Hold on to your computers, Colorado College, TigerNet2 is about to get speedier.


Long gone will be instances in which wireless Internet is inaccessible, and here to stay are many happy times seamlessly surfing the Interweb.


CC students and faculty alike rely heavily on the campus Internet connection to communicate via email, download assignments from PROWL, and occasionally view the next YouTube viral sensation.


Systems Administrator Joseph Sharman broke the news that CC’s Information Management is about to more than double the college’s Internet bandwidth.


“What is being upgraded is our Internet connection to increase capacity for Internet bound traffic,” said David Ziemba, one of the project’s network engineers.


Currently, each access point of TigerNet2 supports a maximum speed of 54 megabits per second (Mbps). There are 590 access points at CC, shared amongst many devices and interspersed throughout the campus. Each of the major dorms have approximately 90 apiece, and 13 are located outdoors.


The upgrade is projected to serve up to 300 Mbps for each client, given ideal conditions.


“I’m sure our IT folks are aware of some of those complaints, but actually it is the first time it has come to me,” Jill Tiefenthaler said, addressing the speed of TigerNet2 in The Catalyst second block.


“We have heard of isolated complaints with access to TigerNet2, CC’s internal wireless network, but I’ve found them to be problems where there isn’t a good wireless signal [to begin with],” Ziemba said. “Most have been caused by unplugged access points, or other devices that interfere with CC’s wireless access points.”


Some wireless access points have been using a room- or office-wired data connection as opposed to being cabled directly to a network switch. Ziemba said such connections are frequently unplugged for use in a device that needs a wired network connection.


Chad Schonewill, Director of Educational Technology Services, named unplugged access points as the most common culprit.


As for devices that interfere with CC’s wireless access points, Ziemba blames Bluetooth headsets, cordless phones, and even microwave ovens.


“The CC wireless system has detected 617 other wireless access points using the same wireless frequency channels within range of CC’s wireless system, which [reduces] performance,” he said.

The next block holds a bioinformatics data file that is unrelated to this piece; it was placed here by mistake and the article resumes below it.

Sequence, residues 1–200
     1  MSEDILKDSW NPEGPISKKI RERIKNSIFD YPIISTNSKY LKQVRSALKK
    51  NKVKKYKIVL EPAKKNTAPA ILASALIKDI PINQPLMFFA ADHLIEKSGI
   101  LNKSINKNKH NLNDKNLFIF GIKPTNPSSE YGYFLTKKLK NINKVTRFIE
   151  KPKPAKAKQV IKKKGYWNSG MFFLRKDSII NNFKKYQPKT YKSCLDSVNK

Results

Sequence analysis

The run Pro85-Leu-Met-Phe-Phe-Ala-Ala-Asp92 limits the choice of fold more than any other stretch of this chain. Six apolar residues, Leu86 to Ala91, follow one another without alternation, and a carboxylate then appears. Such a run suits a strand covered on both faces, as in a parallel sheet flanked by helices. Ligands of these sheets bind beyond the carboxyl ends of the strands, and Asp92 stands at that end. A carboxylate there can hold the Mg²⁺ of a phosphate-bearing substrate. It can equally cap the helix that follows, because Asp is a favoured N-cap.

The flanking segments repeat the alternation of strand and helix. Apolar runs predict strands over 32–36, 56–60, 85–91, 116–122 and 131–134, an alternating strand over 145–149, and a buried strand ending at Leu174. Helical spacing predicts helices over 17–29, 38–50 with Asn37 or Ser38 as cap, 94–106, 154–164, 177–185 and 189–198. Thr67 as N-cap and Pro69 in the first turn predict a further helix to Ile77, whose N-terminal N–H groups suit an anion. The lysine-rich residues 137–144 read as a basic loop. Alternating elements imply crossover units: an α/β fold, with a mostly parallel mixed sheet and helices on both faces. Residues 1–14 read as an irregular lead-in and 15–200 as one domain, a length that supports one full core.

Schonewill agreed with Ziemba, citing maxed out Internet bandwidth, unplugged or broken wireless access points in the area, signal interference, and too great of a load on signal access points as the primary causes for a lagging Internet browsing. During business hours, Netflix takes up 33 percent of available bandwidth, he said.


To combat this problem, Schonewill suggested utilizing an Ethernet cord plug-in whenever possible, especially in the dormitories or Tutt Library.


“Pegging,” or Internet rush hour, is also a factor in Internet speed.


“When the lanes are only so wide, only so many vehicles can flow, and the overall speed slows down for everyone,” Ziemba said. We have a finite amount of Internet bandwidth, and traffic greatly increases until it hits 100 percent utilization.”


Between the hours of 12 p.m. and 1 a.m., bandwidth reaches 100 percent utilizations, causing the general symptom of sluggish browsing.


The increase in bandwidth is necessary to “support the ever-increasing number of devices and higher density locations,” Ziemba said. “Currently, we have access points that have upwards of 60 associated clients during peak times at [locations like Worner and Tutt Library].”


“We have renegotiated our contract with our Internet service provider to substantially increase our Internet bandwidth,” Ziemba said. “As with all technology, the costs have decreased while the capability has increased. It’s astonishing to see the differences.”


Ultimately, the cause for the bandwidth upgrade is deeply rooted in facilitating the liberal arts education CC strives to award each student.


“There are time-sensitive protocols and services where Internet bandwidth is make or break…the Internet [enhances] established research or collaborative methods,” Ziemba said.


Schonewill agreed.


“For CC employees and students doing the work of the institution, quick and reliable access to academic resources out on the internet is important, particularly on the block plan where timeframes are always compressed,” Schonewill said.

Colleen Leong

Guest Writer


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